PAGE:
Final Fantasy Reimagined: J-RPG+Western RPG=Awesome?

Some complain that these Western games all follow the same tired tropes of fantasy though.  Generic monsters, a world that needs to be saved, variations of the same classes and skills.

I personally love both types of games, so I wonder what they’d be like if combined?  Would they be like a Reese’s Peanut Butter Cup?  Or more like a fried pickle sundae?

In regards to possible complaints from both sides of the pond, I’d like to propose a type of game that would appeal to both types of fantasy gamers.

Customizable Characters

Gamers love to customize their characters.  What if a J-RPG employed more of this style?  With all the wacky and strange Japanese styles and designs that go into the Square Enix titles, having the ability to essentially make your own FF character(s) would have huge resonance.  Sure, you can do this in the online versions (FFXI and XIV), but imagine having a game like FFVI — widely regarded as one of the best in the series — with a customizable cast of characters for next-gen systems.  Think of how Mass Effect and Dragon Age have used voice acting for male and female characters and transfer that onto a customizable FF cast.

This feature could pull in those who have lost faith in FF titles for their lack of customization (and no, changing outfits isn’t enough.)  I’ve thought the Job system employed in several of the titles has made customization possible as far as your game-play goes, but there’s been little in the way of changing a character’s image.

What if there was even a way to create your own summons?  Plenty of fighting games have employed Create-A-Character modes.  If I could create my own summons, then I could blast my enemies with whatever I wanted, not just the same Mega Flare and Diamond Dust (although they are awesome).  Think of the possibilities!

Storytelling that Appeals to a Wider Base

Let’s go ahead and say it.  Final Fantasy recently has had some of the weirdest, most convoluted story-lines in all of gaming.  Around FFX is about when it started  with its gods and cycle of destruction talk.  FFXIII most recently has joined the list of rather confusing storyline of fighting god-like creatures in a race against time before they change into crystals or some kind of bizarre zombie creatures.  Huh?

And while some Western games have been praised for their storytelling, honestly they can only do so much with open-ended worlds.  Skyrim for instance is quite open-ended and has pretty solid story-telling, but it’s not setting the world on fire by any means.  I think most people rave about Skyrim for the sheer amount of content available, not so much its relatively by-the-numbers main storyline (Captain Obvious spoilers ahead:  hero discovers power, hero must stop evil force, hero stops evil force).

I would argue that some of the earlier FF titles had some of the best story-telling in all of RPGs, namely IV, VI, VII, and IX.  These games had relatively simple yet engrossing story-lines.  Redemption, bravery, betrayal, true love.  These are easier themes to grasp.  While FFVII is most often considered the mainstream breakthrough for RPGs world-wide, I think Knights of the Old Republic was probably the most popular game that gave players a choice: good or evil.

Imagine the possibilities in a FF game. What if your characters don’t want to save the world?  What if they want to destroy it?  What if they want to just explore it, without interest in global happenings.  I think that if the story were to lend itself more to the player’s choices instead of following one predetermined script, interest in a game like FF would skyrocket.  This has somewhat been implemented in the newest game FFXII-2 so maybe it’s a sign to come?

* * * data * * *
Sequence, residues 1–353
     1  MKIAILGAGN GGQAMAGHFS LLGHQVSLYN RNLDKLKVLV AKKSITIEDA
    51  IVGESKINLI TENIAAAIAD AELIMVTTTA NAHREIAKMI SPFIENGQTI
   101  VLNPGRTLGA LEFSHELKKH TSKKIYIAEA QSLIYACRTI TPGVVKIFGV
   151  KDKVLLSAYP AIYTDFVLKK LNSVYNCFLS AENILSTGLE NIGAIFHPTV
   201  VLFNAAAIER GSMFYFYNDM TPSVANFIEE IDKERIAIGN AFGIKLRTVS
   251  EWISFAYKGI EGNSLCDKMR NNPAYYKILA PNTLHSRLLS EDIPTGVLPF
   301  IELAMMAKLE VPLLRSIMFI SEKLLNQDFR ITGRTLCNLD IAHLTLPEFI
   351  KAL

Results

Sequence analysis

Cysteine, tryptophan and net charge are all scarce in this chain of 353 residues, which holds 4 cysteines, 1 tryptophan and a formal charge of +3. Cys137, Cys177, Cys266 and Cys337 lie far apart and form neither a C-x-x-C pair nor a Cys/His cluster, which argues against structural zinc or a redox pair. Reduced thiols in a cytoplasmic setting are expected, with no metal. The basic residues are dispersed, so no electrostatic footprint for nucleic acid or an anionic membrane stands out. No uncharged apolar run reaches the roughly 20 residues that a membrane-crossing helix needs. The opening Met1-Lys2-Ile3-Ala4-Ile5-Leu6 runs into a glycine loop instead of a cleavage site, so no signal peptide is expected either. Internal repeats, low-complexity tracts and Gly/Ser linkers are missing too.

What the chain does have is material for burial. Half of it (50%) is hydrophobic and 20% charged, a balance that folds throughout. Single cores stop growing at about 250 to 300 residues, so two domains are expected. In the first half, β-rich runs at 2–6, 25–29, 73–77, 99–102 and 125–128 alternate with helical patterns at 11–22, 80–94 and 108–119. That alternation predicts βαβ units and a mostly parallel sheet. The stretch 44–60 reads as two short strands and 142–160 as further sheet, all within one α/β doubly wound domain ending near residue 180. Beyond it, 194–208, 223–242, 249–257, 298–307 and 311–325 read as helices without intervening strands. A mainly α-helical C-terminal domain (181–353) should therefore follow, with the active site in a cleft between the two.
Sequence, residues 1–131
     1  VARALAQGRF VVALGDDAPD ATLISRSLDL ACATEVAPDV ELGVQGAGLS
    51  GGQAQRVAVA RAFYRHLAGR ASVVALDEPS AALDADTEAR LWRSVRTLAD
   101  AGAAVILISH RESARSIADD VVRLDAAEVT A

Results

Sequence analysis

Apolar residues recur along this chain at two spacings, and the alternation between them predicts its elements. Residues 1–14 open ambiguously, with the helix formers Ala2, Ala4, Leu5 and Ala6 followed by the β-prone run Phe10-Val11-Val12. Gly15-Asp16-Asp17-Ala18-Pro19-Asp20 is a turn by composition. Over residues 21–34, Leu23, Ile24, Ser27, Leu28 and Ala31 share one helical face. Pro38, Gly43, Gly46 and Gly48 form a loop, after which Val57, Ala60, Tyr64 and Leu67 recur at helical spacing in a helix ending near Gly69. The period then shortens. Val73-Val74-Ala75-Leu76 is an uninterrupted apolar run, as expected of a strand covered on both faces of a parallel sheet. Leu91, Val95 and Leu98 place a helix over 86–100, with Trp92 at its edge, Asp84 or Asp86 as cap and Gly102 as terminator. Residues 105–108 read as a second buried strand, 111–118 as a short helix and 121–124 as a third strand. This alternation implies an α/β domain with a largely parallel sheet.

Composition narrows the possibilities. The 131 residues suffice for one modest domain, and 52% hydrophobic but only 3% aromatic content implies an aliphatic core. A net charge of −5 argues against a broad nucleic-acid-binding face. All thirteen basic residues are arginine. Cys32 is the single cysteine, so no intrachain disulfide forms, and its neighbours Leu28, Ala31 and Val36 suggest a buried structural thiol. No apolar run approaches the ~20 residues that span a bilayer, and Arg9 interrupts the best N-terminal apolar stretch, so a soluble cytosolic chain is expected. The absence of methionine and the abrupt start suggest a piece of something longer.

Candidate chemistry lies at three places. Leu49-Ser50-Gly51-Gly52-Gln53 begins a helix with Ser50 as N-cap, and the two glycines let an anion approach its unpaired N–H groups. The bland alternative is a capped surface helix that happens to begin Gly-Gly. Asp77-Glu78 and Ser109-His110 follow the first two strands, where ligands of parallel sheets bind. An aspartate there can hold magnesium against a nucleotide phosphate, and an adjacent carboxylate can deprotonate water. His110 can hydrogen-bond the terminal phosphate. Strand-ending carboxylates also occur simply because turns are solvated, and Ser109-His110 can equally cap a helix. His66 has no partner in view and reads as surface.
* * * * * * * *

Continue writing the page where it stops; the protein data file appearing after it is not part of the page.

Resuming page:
Build Your Characters

Skyrim allows you to build your characters based on what abilities you use.  If a game like FF could do that, characters could be crafted into whatever type of party you’d like.  Think back to FFI, when the player was able to make a whole party of Fighters if they wished.  Dragon Age doesn’t really allow you to do that.  You’re given your wizard, warrior, and rogue party members and then you have to customize them within the limits of their class.  FFXIII implemented that some with the Paradigm System, but you had to keep your characters pretty balanced if you planned on beating the game.

Having a party with whomever you wanted, however you wanted them built, would vastly improve the J-RPG formula.  Imagine being able to create parties similar to past games.  I’d go with a Fighter, Monk, White Mage, and Black Mage combo, thank you.  With voice acting and branching story-lines, the players would grow more attached to their characters who they built from scratch (as is the case in Skyrim).  Capcom’s upcoming game Dragon’s Dogma seems to be employing this to an extent, so I’m interested to see how that game turns out.

Open-Ended Games

Lots of RPGs are lauded for their open-ended worlds, most recently the Elder Scrolls and Fallout series.  Gamers want to get the most bang for their buck, so to speak.  Having a game that could feasibly continue forever would be incredible.  Much like World of Warcraft that offers expansions to their ever-growing world, imagine a FF game that wasn’t “final.”  Expansions to the game world, new characters introduced, new story-lines to explore.  In this day in age of gaming, it’s entirely possible.

If the development team was steadily working on new content for one game, the players would be more willing to pay for the next game in the series.  For $60-70 for a new game, the gaming industry really needs to put all their cards on the table if they want to keep gamers loyal to their franchises.  Final Fantasy and Dragon Age are two franchises which started off as awesome but have since experienced decline.  Dragon Age III has promised to be better and FFXV is still a mystery.